Not available to those without a serious off-road vehicle and two and a half hours out on dirt roads, Michael became obsessed with making the trip.
The park ranger warned that getting stuck might result with having to walk 29 miles in rocks and heat to get help might be our fate.
Undaunted, Michael found a jeep rental place and for a mere $350 for the day, we hired a rock crunching, road eating, brain rattling driving machine and made our way there. As usual, we were just a little late the party. The sun was starting its rapid descent and we were just getting set up.
Disappointed but not defeated, we began walking the Playa looking for the iconic stones which moved seemingly under their own power, a feat even modern science can’t fully explain. We found several, but the sun no longer lit the best stone of all and we were not happy.
Disappointment comes with the photographic territory since there are no guarantees a decent image can be made just because we show up. It’s usually the latter, finding other than what we expected is sometimes better and more exciting than what was originally planned.
The Magic of Darkness
In the case of the sun, a decent facsimile is a good flashlight and a little handiwork: “painting” the artificial beam into the cracked, flat surface. It was fun to experiment with when finally we found a combination of light and dark which felt satisfying. It was never a one-shot experience, we repeated the process about a dozen times until we were sure we weren’t going to improve the last best attempt.
Darkness descended quickly and the sky began to glow a deep blue while a sliver of the moon showed up to help decorate the celestial theater where the performance would soon begin. Now that too was an experience we hadn’t expected as the glow of the Playa and the smoldering fire of sunset began to spread through the sky. WOW. What a show and what an experience as we now repeated the light painting but with an entirely different perspective.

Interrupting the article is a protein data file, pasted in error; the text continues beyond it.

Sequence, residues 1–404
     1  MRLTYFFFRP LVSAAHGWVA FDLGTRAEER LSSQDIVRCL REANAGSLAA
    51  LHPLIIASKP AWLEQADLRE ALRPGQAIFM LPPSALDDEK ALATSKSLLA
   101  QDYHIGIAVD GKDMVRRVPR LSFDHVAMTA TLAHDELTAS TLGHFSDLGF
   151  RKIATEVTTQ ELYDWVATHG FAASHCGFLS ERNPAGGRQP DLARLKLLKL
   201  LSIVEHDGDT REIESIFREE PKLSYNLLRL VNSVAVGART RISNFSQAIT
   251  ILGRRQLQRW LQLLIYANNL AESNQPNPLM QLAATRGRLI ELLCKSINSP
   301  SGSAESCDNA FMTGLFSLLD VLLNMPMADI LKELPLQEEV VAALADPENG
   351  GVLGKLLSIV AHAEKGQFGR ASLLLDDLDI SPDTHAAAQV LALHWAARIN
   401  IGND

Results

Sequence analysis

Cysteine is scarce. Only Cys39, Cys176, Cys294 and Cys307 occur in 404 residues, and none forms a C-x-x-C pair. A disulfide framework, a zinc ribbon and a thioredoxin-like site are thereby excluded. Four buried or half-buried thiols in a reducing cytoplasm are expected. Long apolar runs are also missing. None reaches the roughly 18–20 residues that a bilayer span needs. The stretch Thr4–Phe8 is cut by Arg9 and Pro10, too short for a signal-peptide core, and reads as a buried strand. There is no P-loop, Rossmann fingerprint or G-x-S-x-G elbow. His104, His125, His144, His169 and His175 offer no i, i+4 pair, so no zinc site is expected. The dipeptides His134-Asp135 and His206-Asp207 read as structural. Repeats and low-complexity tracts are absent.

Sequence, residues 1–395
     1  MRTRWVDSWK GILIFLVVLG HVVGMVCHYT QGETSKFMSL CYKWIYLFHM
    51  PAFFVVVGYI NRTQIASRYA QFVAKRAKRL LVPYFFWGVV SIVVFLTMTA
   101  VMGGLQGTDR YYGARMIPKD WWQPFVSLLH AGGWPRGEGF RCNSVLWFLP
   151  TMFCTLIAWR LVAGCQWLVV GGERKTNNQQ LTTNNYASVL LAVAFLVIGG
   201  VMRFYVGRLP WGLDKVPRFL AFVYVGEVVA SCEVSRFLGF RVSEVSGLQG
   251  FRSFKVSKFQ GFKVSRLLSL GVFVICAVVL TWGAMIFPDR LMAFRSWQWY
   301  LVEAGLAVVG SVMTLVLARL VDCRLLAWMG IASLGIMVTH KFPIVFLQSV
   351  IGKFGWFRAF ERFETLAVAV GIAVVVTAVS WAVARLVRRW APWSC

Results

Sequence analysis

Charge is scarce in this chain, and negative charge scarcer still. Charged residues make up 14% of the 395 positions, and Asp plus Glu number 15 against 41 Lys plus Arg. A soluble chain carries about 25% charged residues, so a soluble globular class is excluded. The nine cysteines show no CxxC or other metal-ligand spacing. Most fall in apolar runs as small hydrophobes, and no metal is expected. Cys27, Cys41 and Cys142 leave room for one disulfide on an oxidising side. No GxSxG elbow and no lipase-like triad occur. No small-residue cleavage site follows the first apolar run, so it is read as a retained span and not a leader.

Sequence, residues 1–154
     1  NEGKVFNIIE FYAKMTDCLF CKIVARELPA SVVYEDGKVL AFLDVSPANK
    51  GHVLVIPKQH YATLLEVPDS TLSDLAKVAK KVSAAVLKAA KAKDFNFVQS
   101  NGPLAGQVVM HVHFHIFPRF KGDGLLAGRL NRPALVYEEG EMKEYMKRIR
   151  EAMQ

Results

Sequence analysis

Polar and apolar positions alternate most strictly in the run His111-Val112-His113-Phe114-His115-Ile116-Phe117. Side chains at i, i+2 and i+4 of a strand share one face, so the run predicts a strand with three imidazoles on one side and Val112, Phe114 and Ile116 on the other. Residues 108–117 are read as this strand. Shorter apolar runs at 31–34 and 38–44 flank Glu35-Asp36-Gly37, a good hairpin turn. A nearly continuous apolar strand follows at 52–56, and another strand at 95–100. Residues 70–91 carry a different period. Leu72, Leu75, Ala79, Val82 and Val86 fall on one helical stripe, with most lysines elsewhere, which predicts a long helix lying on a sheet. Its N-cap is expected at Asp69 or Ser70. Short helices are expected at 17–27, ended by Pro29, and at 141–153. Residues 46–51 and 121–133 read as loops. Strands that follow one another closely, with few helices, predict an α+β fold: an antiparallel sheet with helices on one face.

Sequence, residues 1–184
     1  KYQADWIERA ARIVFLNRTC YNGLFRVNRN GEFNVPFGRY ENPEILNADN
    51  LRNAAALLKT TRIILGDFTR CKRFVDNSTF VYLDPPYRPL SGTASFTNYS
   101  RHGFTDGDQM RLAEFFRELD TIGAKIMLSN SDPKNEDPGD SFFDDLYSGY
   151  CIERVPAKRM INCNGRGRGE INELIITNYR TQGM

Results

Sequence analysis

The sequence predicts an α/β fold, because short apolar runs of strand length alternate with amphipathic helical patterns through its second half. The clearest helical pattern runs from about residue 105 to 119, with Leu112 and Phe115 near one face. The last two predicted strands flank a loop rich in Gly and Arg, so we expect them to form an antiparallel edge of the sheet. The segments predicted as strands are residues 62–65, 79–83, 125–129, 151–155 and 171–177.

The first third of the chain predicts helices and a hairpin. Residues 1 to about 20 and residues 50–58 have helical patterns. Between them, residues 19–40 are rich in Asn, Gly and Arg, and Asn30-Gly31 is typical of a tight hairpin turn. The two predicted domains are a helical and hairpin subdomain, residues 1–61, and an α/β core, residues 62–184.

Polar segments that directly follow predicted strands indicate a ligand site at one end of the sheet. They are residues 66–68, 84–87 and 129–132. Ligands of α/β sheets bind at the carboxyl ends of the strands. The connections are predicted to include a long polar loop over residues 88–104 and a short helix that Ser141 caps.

Invigorated by having created some really interesting images we decided to press on and shoot the Milky Way. Using our simulated sun sticks we lit the local waypoint carefully to show it in the foreground under the magnificent sky.
It’s hard to paint light evenly with a hand held flashlight and we tried several times until eventually we discovered that a single pulse of the break lights did a credibly job with little effort.
Now, onward to Ubehebee Crater to shoot the night sky. Upon arriving, we met up with a Las Vegas couple that were avid Astro-Photographers and were extremely helpful getting us set up. It was there I saw the Milky Way in all its grandeur for the very first time. It was there I made my first exposure of the night sky capturing its immense scope. I knew I was hooked all over again on turning my camera upward in the wee hours of the day’s end.
Back to our hotel at about 1:00 am gave us barely time for a long nap before the next sunrise shoot.
This photography stuff is tricky business and requires the voluntary surrender of a good night’s sleep. So when people ask me if I “relaxed” on vacation, I laugh. I generally come home exhausted and in need of 3 days sleep!
Now, you know, that rarely happens!